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What Does It Mean to Be Mass Affluent?


Households are often divided by consumption and wealth levels so marketers and businesses can better understand their spending habits. Certain segments exhibit specific behaviors that, when identified, allow businesses to serve their needs in a more personalized manner.

According to Pew Research, middle class income has grown by 49% over the past 40 years. In contrast, upper-income households saw their median income nearly double over the same period. Income inequality has grown at a greater rate in the U.S. than in any other country even as consumption habits for each class segment has shifted.

Mass affluent households are highly sought after by businesses despite their shrinking number. Here we dig into the details and explore exactly why that is and what it means if you’re one of them.

A financial advisor could help you best determine if you are on track to meet your long-term financial goals. Find a qualified advisor today.

Mass Affluent Definition

Mass affluent is a term that describes a middle-class household earning an annual income of more than $75,000 and holding between $100,000 and $1 million in investable assets. As middle-class earners, the mass affluent are usually employed in white-collar jobs and have substantial savings. These include people coined globetrotters, power couples, civic activists and suburbanites who invest heavily in their retirement funds.

The mass affluent, as part of the shrinking middle class, nonetheless form a highly-sought-after group. In 2017, the mass affluent comprised 30.7 million households in the U.S., holding $10.2 trillion in assets. They appeal to marketers and business professionals because they act as a bridge group between the mass middle class and the affluent, or high-net-worth group.

What Characteristics Do the Mass Affluent Have?

mass affluentThe mass affluent are a marketing sweet spot between the middle class and upper class. Like the mass middle class, they make a large, accessible audience for businesses, but since they typically earn six-figure salaries, working in business, finance or management, they hold an above-average amount of funds.

While the average mass affluent is a 59-year-old Caucasian, Asian Americans are 36% more likely to be mass affluent than not. In fact, mass affluents are expected to form the next megamarket in Southeast Asia by 2030.

This group of consumers is marked by their consumption habits, fueled by higher-than-average incomes. They are more likely to spend on premium goods and services and account for up to half of consumer spending on leisure travel, watches, jewelry, as well as cars.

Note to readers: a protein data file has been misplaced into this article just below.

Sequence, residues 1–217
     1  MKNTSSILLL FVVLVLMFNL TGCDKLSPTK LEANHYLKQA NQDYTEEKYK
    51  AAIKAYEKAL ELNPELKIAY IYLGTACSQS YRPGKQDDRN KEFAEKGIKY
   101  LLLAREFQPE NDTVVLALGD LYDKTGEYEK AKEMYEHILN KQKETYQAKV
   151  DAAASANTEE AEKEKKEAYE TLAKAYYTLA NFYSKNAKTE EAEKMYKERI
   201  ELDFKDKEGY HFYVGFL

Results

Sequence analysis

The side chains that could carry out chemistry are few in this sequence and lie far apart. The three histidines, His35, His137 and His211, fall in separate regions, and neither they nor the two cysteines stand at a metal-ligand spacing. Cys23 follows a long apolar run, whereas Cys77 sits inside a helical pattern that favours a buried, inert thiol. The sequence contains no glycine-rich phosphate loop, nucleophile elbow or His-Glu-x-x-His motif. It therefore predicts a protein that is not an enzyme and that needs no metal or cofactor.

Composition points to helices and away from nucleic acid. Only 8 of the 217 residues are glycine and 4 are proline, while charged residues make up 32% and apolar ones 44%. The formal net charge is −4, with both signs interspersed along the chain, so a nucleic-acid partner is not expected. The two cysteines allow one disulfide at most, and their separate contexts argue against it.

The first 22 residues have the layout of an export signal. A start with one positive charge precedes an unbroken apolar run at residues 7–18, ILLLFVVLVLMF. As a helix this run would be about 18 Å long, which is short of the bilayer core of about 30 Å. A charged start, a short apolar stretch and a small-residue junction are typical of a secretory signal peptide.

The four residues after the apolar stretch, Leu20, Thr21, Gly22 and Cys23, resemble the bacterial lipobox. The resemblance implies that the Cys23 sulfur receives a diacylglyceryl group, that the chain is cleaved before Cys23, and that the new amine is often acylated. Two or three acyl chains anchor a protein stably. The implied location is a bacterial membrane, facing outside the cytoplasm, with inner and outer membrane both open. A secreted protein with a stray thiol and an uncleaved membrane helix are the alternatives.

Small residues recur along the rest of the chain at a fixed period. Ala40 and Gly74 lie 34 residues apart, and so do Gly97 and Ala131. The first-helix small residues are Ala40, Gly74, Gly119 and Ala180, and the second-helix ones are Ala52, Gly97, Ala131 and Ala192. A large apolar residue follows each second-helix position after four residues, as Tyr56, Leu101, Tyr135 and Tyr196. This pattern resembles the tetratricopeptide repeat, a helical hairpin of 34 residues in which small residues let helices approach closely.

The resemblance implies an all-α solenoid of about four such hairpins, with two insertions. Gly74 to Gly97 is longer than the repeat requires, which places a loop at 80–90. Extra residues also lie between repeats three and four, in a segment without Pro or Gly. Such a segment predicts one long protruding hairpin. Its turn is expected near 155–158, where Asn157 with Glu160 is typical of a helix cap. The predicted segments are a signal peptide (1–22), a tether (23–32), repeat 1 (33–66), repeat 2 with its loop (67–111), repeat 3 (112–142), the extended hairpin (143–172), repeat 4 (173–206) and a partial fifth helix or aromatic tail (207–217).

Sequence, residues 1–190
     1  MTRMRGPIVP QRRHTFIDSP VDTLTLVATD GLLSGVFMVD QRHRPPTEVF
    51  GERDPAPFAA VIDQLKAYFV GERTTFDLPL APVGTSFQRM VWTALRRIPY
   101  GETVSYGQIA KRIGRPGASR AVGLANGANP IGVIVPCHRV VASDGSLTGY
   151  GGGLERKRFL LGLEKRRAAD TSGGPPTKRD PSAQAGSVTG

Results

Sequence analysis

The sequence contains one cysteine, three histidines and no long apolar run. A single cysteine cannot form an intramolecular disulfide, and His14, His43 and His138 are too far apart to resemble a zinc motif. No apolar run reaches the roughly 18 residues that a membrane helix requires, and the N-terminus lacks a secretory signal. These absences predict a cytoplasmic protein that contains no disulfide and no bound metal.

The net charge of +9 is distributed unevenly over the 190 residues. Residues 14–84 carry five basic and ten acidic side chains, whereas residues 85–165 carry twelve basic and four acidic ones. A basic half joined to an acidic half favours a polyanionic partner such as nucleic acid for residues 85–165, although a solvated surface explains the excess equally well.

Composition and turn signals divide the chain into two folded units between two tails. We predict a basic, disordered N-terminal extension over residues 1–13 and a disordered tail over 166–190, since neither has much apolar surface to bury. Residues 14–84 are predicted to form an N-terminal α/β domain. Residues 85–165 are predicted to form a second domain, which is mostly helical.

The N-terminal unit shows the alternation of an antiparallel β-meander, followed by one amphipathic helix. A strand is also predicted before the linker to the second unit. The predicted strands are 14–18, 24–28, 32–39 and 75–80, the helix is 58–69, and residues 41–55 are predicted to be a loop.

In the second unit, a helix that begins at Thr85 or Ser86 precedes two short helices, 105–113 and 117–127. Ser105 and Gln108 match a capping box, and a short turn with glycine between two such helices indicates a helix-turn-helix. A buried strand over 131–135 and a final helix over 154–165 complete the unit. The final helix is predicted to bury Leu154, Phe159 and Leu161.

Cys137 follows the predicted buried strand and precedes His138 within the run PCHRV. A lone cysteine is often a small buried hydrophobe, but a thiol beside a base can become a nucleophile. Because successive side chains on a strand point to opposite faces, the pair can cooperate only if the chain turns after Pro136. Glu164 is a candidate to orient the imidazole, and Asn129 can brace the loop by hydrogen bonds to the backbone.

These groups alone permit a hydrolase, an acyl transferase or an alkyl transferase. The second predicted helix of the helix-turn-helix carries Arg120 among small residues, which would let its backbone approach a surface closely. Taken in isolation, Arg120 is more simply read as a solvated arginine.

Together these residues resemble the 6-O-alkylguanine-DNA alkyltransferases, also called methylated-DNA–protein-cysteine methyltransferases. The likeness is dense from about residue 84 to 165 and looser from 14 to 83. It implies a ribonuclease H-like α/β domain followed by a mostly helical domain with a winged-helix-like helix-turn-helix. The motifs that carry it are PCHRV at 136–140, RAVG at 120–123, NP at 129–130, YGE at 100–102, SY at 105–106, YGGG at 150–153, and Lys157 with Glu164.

How Does Mass Affluent Differ From High-Net-Worth?

Because the mass affluent hold less than $1 million in liquid assets, they are often underserved by the financial community. 80% of high-net-worth and mega millionaires work with financial advisors to plan and manage their finances, but only 60% of the mass affluent do so.

The goals for their finances change from one group to another. The mass affluent are likely working in corporate jobs, but more than two-thirds of high-net-worth individuals are retired. The majority of a mass affluent’s net worth derives from a principal residence, whereas high-net-worth individuals have between half and two-thirds of their wealth held in investable securities. The mass affluent are notably more conservative in risk-taking as well.

As a result, financially speaking, the mass affluents’ goals center more on wealth-building than those in the high-net-worth category. They need help with retirement savings planning, principal protection and growth strategies, in addition to tax planning. Some opportunities to take advantage at this level include: maximizing IRA contributions, investing in annuities and buying term or whole life insurance.

On the other hand, high-net-worth groups will focus more on formal income planning, asset preservation, tax and gift planning and estate and trust plans.

The Bottom Line

mass affluentMass affluent is a term used to describe higher-net-worth, middle-class earners. People in this wealth group live a comfortable lifestyle and consume premium goods. Since they focus more on building wealth than preserving it, they are a prime target for businesses and marketers.

Tips for Building Wealth

  • Not sure what investments and strategies will help you meet your long-term goals? For a solid financial plan, consider speaking with a qualified financial advisor. SmartAsset’s free tool matches you with up to three financial advisors who serve your area, and you can interview your advisor matches at no cost to decide which one is right for you. If you’re ready to find an advisor who can help you achieve your financial goals, get started now.
  • Use SmartAsset’s free investment calculator to get a good estimate of how to grow your money over time.

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